The European Union Statistics on Income and Living Conditions, abbreviated EU-SILC, is a survey department of the EU. It replaced in 2004 the European Community Household Panel, which covered the years 1994-2003. The EU-SILC includes only minor changes relative to its predecessor the ECHP; most importantly, it significantly expands the number of countries included in the sample.

                                               

Home economics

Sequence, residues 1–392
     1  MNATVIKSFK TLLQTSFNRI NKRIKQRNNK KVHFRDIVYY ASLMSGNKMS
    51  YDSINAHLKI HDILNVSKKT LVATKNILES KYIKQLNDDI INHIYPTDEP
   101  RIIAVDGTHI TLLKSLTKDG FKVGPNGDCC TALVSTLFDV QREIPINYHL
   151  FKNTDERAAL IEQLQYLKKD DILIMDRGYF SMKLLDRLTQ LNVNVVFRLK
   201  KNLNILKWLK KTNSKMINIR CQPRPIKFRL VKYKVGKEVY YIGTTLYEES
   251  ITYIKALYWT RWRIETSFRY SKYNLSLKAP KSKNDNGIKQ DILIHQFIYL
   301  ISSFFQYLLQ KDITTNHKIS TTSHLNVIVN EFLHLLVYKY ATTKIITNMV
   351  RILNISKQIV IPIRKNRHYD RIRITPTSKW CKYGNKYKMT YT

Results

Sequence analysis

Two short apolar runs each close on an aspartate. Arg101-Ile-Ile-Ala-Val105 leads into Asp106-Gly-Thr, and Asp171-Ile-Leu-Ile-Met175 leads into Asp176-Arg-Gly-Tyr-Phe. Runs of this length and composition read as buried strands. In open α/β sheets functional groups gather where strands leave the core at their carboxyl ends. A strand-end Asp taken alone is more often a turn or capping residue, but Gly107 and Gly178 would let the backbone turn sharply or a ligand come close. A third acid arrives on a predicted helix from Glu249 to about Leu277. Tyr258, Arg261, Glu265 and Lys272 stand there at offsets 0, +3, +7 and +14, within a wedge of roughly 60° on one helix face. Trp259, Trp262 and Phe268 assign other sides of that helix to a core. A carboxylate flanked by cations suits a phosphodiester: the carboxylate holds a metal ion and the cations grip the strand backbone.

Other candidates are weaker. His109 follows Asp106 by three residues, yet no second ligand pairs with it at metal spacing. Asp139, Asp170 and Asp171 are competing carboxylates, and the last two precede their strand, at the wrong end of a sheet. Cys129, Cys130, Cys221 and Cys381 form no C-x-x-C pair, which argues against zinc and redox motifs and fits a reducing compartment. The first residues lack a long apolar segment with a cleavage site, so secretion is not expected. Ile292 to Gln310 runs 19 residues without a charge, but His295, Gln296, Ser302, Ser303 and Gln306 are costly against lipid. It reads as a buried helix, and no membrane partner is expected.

Home economics, domestic science or home science is a field of study that deals with the relationship between individuals, families, communities, and the environment in which they live. Home economics courses are offered internationally and across multiple educational levels. Home economics courses have been important throughout history because it gave women the opportunity to pursue higher education and vocational training in a world where only men were able to learn in such environments. In modern times, home economics teaches people of all genders important life skills, such as cooking, sewing, and finances. With the stigma the term" home economics” has earned over the years, the course is now often referred to by different terms, such as" family and consumer science.”